Monitoring of great ape their forest habitats

by Igh

The Itombwe Mountains hosts two species of great ape:  the Eastern chimpanzee (Pan troglodytes schweinfurthii) and the Grauer’s gorillas (Gorilla beringei graueri). Since its inception in 2014, IGH is conducting an ongoing community monitoring scheme of chimpanzees and gorillas in Itombwe to ensure their survival and gradually increase their population number here.

Community monitoring of chimpanzees and gorillas carried out by IGH in Itombwe Mountains involve gathering information on temporal changes in population size and any major threats that endanger their long-term survival. Without monitoring data, we may lose the opportunity to properly conserve and increase great ape populations in Itombwe.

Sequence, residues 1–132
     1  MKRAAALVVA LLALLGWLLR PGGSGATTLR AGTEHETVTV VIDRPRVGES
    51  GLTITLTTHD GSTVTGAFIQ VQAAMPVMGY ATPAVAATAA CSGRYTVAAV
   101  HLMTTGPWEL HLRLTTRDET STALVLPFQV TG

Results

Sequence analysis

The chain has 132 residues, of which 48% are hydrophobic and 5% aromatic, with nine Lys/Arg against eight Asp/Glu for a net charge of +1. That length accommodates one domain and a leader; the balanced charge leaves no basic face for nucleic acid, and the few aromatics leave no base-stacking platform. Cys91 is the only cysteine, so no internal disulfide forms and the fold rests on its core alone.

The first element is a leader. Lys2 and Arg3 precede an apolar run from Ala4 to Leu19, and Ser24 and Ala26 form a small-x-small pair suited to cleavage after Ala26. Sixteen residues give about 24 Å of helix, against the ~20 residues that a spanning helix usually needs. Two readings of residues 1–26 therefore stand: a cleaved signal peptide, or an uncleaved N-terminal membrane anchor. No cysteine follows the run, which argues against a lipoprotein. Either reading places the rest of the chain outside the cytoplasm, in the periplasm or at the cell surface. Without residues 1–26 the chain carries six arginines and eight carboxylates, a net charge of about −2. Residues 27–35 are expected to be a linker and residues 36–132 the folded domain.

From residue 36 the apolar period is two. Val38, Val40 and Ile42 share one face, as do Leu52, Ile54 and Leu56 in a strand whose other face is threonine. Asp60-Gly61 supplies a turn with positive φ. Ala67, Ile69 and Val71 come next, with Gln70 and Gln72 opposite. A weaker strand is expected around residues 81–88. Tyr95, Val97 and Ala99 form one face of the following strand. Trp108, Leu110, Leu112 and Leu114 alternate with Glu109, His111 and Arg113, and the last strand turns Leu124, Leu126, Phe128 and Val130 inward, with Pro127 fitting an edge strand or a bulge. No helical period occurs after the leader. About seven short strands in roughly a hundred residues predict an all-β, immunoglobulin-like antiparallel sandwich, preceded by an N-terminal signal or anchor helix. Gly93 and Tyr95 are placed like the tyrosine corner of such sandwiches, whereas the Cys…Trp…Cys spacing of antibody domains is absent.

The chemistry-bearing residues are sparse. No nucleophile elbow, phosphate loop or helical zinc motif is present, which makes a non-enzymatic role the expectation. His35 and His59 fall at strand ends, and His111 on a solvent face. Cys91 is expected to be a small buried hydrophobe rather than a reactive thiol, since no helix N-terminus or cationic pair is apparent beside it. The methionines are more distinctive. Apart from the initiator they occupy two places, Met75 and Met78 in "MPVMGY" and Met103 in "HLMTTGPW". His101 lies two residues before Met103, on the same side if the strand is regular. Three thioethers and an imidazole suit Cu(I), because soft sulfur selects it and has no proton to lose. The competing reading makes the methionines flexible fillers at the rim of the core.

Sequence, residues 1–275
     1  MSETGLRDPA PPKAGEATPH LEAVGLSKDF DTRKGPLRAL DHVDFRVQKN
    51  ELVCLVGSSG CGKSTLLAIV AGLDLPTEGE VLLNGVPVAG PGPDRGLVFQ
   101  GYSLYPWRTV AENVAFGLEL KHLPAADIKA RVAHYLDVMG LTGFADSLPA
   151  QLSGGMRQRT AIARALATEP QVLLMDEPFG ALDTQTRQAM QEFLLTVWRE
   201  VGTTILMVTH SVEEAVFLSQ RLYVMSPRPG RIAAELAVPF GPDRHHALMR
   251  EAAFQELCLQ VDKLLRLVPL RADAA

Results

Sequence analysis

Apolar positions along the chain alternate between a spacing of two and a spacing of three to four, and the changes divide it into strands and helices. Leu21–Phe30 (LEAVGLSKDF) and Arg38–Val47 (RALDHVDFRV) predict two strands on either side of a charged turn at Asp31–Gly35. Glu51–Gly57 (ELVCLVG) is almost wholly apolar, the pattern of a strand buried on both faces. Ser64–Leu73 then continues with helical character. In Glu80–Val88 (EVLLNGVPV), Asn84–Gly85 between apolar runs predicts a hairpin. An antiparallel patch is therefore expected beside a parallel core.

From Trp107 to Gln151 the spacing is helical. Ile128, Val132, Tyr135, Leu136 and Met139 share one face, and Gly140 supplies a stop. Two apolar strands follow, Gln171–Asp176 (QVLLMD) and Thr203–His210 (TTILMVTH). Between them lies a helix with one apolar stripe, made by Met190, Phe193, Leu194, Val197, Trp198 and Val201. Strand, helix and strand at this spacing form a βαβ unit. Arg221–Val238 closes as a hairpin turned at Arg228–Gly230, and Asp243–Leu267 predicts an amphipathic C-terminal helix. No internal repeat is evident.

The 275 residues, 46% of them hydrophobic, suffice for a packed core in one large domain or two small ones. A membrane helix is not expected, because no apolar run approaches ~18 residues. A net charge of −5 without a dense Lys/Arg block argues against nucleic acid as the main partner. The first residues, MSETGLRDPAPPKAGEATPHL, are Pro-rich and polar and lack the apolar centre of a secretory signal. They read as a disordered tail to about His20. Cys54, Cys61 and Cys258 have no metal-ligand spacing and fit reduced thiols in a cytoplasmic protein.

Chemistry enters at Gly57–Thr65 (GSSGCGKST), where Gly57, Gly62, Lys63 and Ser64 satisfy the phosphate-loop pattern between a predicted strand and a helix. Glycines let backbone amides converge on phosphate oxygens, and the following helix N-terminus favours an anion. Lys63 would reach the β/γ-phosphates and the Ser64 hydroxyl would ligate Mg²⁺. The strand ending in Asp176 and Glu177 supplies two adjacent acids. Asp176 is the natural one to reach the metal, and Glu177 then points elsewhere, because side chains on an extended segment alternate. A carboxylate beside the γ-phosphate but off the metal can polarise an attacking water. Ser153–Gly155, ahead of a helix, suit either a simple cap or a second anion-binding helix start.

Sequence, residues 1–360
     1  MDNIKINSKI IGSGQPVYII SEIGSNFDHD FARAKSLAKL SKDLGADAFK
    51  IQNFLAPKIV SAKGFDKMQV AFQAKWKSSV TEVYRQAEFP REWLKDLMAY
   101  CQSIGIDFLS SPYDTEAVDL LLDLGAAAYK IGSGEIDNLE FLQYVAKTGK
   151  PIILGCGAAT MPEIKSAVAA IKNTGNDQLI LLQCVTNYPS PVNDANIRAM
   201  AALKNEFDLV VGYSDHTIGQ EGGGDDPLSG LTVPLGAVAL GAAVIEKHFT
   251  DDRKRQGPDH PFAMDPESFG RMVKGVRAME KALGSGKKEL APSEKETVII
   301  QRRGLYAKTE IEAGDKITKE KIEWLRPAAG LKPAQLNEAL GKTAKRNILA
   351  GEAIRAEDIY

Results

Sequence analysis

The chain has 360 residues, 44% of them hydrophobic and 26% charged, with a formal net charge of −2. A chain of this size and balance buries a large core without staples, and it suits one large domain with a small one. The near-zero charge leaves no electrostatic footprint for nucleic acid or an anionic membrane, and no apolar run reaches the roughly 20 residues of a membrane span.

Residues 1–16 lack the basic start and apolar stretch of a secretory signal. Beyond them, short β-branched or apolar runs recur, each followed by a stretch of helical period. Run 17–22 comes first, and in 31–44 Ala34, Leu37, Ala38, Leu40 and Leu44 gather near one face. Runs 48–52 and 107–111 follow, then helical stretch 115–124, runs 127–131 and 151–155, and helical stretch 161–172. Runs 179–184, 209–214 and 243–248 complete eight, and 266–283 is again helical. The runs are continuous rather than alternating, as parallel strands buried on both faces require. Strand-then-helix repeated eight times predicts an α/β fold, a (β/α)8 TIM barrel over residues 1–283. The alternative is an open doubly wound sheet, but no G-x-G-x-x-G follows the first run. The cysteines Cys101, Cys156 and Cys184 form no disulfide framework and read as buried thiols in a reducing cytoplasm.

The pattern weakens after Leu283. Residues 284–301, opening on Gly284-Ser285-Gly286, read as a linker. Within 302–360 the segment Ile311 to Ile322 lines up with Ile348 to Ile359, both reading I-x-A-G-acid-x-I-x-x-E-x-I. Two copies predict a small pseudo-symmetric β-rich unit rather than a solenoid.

Each month of the year, we collect data in the field using indirect traces of great ape presence (including nests, dungs, footprints and food remains).  This indirect approach is used because great ape in Itombwe are not yet habituated to human presence.

Data collected in the field include number of ape nests encountered at each nest site; suitable habitat (structural characteristics and species composition of vegetation); geographic coordinates (geo-referenced data) on the location of the ape nest site; and signs of human disturbances such as the presence of traps, shotgun cartridges, signs of logging and mining, paths, agriculture and camps, with the location and estimated age of each.

Information gained through our ongoing monitoring scheme allow for understanding the status and ecology of gorilla and chimpanzee populations in Itombwe, their ranging patterns, their core and preferred habitat areas, and the impacts of hunting and other human disturbance that jeopardize their long term survival.  Such information is often used for appropriate management response to improve the conservation status of these animal species in Itombwe Mountains.

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